What do you want first—the good news or the bad news? The good news is that the correspondent found some dry cigars in his coat. The bad news: only half of them survived the journey, and a fifty percent chance of survival doesn't bode well for the men in the boat. At least they share them together—can't you just imagine them carefully passing around the three matches and lighting the four cigars, then, most importantly, sharing a celebratory gulp of water. Ahhh, refreshing. 

</em>"If we don't all get ashore—" said the captain. "If we don't all get ashore, I suppose you fellows know where to send news of my finish?"

They then briefly exchanged some addresses and admonitions. (4.11-12)

By this point, things aren't looking too good. Note how the captain repeats the first half of his sentence, as if he gets choked up a bit at first, and clears his throat to continue. This is a heavy moment. As they exchange information about how to contact their loved ones, it goes without saying they'd each be picturing their fathers, their daughters, their wives. We are left to imagine for ourselves what sort of "admonitions" they exchange.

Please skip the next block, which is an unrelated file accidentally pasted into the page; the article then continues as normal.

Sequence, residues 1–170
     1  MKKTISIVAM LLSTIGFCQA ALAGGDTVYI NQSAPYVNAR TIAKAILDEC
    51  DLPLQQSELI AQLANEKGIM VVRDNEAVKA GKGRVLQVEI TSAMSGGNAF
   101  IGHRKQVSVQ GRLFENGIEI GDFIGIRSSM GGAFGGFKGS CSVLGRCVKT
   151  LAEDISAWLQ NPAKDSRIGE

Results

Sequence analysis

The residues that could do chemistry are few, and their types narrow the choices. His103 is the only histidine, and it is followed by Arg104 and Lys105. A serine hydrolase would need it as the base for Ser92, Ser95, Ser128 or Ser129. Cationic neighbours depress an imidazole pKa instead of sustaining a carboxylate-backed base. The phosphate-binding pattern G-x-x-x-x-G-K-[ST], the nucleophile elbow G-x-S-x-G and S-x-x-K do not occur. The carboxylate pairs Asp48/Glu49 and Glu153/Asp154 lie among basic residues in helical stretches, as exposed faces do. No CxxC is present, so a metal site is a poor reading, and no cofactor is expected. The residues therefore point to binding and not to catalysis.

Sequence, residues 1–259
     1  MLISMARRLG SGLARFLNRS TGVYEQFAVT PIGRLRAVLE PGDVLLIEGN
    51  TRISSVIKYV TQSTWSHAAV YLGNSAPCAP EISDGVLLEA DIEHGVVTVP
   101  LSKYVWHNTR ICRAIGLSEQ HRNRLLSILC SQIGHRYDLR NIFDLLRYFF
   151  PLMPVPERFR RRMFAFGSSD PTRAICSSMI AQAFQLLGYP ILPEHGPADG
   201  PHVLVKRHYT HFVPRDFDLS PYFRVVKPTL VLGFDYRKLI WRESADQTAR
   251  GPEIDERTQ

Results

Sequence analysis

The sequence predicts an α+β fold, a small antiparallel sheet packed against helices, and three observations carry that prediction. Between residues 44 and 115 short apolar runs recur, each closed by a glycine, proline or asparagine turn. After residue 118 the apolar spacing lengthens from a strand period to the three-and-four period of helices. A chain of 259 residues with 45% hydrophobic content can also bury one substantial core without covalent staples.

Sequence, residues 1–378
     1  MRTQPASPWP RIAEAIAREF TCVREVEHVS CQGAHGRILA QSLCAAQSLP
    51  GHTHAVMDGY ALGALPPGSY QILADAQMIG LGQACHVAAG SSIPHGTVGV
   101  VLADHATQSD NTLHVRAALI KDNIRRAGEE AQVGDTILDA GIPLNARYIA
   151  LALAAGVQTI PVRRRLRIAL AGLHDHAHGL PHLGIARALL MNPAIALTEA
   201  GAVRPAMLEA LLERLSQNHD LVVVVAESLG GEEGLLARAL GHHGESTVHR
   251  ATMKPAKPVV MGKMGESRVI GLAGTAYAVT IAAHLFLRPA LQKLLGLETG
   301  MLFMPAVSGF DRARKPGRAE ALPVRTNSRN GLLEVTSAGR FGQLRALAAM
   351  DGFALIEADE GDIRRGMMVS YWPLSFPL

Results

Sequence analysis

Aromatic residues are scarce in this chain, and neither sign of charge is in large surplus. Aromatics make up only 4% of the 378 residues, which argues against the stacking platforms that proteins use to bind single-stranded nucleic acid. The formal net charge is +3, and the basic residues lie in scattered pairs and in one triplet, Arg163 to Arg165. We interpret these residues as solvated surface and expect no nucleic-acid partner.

</em>"What do you think of those life-saving people? Ain't they peaches?"

"Funny they haven't seen us."

"Maybe they think we're out here for sport! Maybe they think we're fishin'. Maybe they think we're damned fools." (4.18-20)

Here's a great illustration of how this feeling of brotherhood is not exactly universal. The affection and devotion the men feel toward each other doesn't extend toward anyone else. So when they spy people on the beach, they go from a neutral feeling of "Hey, those people can rescue us" to outright hostility: "Hey, why the heck aren't those people rescuing us"? 

The presence of this biding thing did not affect the man with the same horror that it would if he had been a picnicker. He simply looked at the sea dully and swore in an undertone.